Community property also applies to life insurance and other topics related to estate planning. If you live in any of the nine community property states that follow this allocation method, it's essential to understand the basic meaning of community property.
Simply put, all assets, income, and debts acquired during a marriage are owned equally by the spouses. This includes tangible things like a home, car, boat, and furnishings, as well as retirement accounts, investments, and in many cases, life insurance. Married couples are also jointly responsible for any consumer debt, mortgages, or loans incurred while married.
Any assets owned before marriage generally remain the original owner's personal property. The same goes for property or money that was gifted, inherited, or that you receive as a beneficiary on a life insurance policy. However, if an inheritance in a community property state is deposited into a joint bank account, it can be considered a marital asset.
There are no national uniform laws or regulations, which means determining what is community property and what isn't varies from state to state. Spouses can also opt out of the community property allocation by signing an agreement specifically identifying marital property.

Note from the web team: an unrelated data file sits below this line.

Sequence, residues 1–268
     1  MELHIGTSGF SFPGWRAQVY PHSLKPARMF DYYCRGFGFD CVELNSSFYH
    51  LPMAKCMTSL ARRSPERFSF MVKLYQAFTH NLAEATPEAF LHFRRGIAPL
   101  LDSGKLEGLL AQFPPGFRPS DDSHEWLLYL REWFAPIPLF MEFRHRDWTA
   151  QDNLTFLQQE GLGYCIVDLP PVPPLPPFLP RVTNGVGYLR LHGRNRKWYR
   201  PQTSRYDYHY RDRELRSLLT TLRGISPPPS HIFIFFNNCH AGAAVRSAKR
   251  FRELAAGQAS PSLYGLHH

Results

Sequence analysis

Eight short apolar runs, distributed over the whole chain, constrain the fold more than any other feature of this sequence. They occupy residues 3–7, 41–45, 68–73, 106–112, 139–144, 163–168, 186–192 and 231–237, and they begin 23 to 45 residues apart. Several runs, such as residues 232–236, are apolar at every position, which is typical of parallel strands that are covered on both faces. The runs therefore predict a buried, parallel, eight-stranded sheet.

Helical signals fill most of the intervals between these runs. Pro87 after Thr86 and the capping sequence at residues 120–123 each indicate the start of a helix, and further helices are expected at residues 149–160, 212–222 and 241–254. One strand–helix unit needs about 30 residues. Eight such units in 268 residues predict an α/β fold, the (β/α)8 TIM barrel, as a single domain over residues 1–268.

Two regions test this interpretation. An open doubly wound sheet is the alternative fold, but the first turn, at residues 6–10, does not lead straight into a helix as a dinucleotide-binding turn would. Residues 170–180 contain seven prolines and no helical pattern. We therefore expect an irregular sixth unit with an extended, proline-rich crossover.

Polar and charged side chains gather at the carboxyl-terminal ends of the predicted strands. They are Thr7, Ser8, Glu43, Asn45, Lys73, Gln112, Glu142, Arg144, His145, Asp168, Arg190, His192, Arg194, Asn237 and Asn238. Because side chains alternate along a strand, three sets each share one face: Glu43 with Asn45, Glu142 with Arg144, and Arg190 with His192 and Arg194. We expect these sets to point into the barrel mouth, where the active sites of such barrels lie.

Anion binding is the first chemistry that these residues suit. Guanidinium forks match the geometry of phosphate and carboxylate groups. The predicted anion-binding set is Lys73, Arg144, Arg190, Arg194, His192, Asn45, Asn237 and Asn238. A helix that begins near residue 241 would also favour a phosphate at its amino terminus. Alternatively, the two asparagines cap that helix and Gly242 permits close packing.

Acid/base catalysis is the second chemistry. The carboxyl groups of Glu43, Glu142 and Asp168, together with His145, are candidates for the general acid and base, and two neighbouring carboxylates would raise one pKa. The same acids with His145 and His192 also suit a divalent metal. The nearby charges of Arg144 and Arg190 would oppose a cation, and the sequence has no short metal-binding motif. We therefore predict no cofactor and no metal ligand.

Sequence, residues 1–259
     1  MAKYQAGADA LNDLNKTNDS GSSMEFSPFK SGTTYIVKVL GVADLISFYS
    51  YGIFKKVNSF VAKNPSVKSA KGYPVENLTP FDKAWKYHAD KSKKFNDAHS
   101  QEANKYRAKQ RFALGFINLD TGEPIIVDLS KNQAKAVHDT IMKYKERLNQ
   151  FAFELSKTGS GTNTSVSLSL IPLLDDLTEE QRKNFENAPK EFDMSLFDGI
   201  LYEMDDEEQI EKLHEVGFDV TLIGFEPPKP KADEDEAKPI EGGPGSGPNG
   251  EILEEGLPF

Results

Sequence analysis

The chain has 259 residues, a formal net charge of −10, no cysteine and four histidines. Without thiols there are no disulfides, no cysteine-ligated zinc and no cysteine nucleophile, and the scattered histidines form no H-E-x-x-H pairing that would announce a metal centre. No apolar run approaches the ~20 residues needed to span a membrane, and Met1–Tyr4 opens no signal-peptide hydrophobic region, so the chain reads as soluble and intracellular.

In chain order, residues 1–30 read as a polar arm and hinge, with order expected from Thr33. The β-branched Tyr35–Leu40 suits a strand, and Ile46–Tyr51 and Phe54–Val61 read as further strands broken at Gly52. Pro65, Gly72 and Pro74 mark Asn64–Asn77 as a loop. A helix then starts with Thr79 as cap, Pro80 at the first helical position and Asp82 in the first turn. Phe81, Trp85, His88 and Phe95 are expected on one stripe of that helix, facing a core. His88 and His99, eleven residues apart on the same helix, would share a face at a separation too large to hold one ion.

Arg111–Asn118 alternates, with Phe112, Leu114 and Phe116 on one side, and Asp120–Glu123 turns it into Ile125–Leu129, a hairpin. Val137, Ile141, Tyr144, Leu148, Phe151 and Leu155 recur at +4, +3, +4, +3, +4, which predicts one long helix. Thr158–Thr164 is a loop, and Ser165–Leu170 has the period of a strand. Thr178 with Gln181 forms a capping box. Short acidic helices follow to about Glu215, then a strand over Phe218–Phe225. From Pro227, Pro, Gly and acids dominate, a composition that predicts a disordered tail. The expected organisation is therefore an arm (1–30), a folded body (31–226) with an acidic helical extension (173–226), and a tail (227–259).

Laws occasionally change, so if you consider changing your marital status, buying life insurance, or acquiring a valuable asset, it's helpful to know which states are community property states. Check your state's laws here. The current community property states list includes:
The other 41 states are referred to as common law states. While Alaska, Florida, Kentucky, South Dakota, and Tennessee allow married couples to opt into community property agreements, they're still common law states.
What's the difference between community property states vs. common law states? In a common law state, the assets and debts acquired by one spouse belong to the individual who purchased them or incurred the debt. In these non-community property states, the spouse whose name appears on the title of an asset retains full ownership and can determine what happens to it in the event of divorce or death.
The short answer is a qualified yes. In a community property state, if life insurance premiums are paid using income earned while married, the policy is considered community property. This holds true even if you purchased the policy before getting married.
While the policyholder in a community property state can still name other beneficiaries, the spouse is legally entitled to 50% of the death benefit even if they aren't listed as a beneficiary. Of course, married couples can sign an agreement to override community property laws and distribute benefits in any way they choose.
However, if premiums are paid with an inheritance in community property states, the policy is unlikely to be considered marital property. An exception would be when inherited funds are deposited into and paid from a joint account.
Ethos provides a range of online life insurance policies ideal for married couples living in both community property and common law states. In our newlywed planning guide, you can learn more about life insurance for married couples and calculate how much insurance you need simply by answering a few simple questions.